DAVIS IS the first to admit that her showbiz life was completely meaningless. "All of the pursuits I had as a young woman were incredibly shallow and stupid," says Davis, who is now in her late 40s. An actress and singer who has always been on the fringes of Hollywood, over the years Davis has appeared in many films and TV shows, and has released a number of singing albums. She appeared in 1987's Mannequin and in an episode of Sex and The City, but says that were it not for her shallow excesses in her youth, she'd never have become the activist she is today. Nor is she concerned about sending herself up in the book. "I think in order for this book to work you have to make fun of yourself. I can't just make fun of everyone else," she says.
While Davis says her upbringing was "completely secular", there is one chapter in the book titled: "Rabbi Jinkleberg Quotes the Talmud," in which Jinky says, "The Talmud has a saying that could help a lot of dogs: 'If you save one life it is as if you saved the whole world.'" He then goes on to berate celebrities and others who don't rescue pets from shelters. "It's such a perfect communication," says Davis. "When people say they couldn't possibly adopt a pet from a shelter because they'd want to take them all home, I tell them, you don't have to take them all, you just have to take one. Every life is significant."

Because her mother is French, Davis spent a great deal of time growing up in France, and while her Jewish education was minimal, she says, "I could never walk by a plaque on a wall in my neighborhood in Paris without feeling deeply wounded. The scars of WWII were everywhere." One plaque near her home read "Hundreds of Jews were rounded up on this very spot and deported to Auschwitz with the help of the French citizenry." "I had to walk by that every day," says Davis, "and many others like it. I felt lucky to be born when I was, otherwise I wouldn't be here today."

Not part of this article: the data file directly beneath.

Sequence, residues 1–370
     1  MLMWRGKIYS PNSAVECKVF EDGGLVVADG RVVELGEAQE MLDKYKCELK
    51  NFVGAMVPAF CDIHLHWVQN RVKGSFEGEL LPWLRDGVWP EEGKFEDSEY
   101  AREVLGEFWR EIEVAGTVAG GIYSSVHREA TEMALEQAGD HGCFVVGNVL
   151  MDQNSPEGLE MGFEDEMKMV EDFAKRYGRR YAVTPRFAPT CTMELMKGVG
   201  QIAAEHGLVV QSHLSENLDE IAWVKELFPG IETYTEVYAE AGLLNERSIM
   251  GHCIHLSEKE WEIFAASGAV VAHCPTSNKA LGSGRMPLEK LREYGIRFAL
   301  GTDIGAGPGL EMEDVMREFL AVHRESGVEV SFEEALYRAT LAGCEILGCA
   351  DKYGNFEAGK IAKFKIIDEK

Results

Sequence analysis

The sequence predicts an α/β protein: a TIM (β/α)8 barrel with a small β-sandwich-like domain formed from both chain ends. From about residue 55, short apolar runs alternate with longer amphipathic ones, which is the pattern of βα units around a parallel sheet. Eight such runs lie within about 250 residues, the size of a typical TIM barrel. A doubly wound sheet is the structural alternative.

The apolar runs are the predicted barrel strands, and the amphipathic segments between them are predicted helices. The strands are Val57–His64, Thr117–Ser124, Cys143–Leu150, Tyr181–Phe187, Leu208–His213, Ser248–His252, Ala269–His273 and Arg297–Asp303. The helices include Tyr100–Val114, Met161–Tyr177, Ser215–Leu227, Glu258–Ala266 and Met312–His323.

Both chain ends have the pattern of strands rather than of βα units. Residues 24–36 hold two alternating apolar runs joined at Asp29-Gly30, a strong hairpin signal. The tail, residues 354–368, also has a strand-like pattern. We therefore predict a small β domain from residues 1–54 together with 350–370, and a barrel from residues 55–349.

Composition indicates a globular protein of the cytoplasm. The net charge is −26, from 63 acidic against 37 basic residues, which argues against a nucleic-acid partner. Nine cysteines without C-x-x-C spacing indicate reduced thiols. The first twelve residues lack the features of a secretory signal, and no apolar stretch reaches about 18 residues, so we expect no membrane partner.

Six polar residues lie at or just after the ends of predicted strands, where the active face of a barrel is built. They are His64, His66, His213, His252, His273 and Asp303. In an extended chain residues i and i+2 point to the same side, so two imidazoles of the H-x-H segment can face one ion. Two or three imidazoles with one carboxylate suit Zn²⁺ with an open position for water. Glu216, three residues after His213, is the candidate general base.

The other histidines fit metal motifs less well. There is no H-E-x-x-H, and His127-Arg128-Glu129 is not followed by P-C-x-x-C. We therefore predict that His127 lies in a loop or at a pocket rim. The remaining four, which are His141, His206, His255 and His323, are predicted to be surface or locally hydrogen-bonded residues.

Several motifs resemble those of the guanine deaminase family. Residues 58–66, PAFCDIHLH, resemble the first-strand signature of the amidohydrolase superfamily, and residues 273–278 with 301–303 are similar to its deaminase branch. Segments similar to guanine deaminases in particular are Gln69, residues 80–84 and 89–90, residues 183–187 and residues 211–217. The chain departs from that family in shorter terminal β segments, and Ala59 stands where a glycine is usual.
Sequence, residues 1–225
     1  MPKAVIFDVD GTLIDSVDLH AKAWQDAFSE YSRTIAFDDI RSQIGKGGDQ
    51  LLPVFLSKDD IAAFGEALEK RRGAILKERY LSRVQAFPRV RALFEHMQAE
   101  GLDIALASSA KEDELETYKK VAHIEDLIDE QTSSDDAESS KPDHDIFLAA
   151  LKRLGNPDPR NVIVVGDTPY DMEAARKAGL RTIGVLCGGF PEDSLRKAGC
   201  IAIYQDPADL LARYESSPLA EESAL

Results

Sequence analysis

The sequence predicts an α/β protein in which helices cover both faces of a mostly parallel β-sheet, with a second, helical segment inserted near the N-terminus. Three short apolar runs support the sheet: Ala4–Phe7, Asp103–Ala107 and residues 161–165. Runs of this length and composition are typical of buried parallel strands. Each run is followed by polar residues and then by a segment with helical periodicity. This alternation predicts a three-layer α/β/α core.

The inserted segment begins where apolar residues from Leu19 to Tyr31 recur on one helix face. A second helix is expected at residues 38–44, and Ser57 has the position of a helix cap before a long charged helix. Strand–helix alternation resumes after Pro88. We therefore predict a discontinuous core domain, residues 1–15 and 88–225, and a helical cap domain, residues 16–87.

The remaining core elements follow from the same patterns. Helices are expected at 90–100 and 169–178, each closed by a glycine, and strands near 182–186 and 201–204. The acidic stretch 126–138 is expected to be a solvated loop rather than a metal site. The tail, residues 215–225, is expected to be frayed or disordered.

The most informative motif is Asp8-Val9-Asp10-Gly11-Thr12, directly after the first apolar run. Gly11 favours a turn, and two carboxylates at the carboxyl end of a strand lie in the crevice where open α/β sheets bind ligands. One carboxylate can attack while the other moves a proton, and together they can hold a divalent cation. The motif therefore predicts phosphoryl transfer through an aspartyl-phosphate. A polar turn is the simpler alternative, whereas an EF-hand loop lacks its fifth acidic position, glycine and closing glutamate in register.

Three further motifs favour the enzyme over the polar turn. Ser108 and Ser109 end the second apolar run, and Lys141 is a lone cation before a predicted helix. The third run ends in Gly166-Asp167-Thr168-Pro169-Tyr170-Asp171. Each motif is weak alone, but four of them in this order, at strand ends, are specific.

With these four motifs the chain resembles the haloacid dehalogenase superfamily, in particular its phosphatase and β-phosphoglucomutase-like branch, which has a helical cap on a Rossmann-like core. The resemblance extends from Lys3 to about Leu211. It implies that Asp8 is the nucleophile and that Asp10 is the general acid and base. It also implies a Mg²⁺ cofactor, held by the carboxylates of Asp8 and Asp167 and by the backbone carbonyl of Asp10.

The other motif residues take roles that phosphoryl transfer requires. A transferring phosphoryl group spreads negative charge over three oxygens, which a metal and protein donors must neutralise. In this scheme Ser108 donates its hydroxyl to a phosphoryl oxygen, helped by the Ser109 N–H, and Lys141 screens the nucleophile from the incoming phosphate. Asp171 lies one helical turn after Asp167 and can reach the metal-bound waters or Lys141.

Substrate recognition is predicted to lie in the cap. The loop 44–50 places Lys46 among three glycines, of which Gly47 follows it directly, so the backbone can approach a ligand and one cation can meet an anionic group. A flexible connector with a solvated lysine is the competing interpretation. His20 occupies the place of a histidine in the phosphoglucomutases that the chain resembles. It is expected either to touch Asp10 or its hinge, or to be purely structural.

In fact, it was in France in 2004, while writing a series of articles for the Los Angeles Jewish Journal on anti-Semitism in Europe, that Davis began working on what would eventually become The Diary of Jinky. "It was incredibly depressing, I was writing about anti-Semitic crimes including a woman who was in a caf reading a Hebrew paper who had her nose broken." In order to take a break from all the terrible news she was writing, Davis began a blog about the shallowness of Hollywood, writing it from the point of view of her dog. "That was fun for me," she says, "because it was fluffy and a way to skewer the excesses of Hollywood society." The blog took off, and one thing led to another. Two years later The Diary of Jinky was published.
And while a friend of a friend in the publishing industry helped get the book off the ground, and it has received a glowing review from Jay Leno, Davis says she doesn't think her Hollywood career has helped in the publishing of the book. "I'm D-list," she states matter-of-factly. "My career as an actress is dead. When you're 40 your dead [in this industry]. Over 45 you're a rotting corpse. I've been spit out already."
Davis ponders the Hollywood obsession with youth and beauty briefly. "I'm a much better actress today than when I was making a ton of money in my 20s," she muses. "I didn't know what I was doing then and I have the movies to prove it." But none of that matters to Davis any more. Her real mission in life is to continue promoting awareness for rescue animals, for which homes are always needed.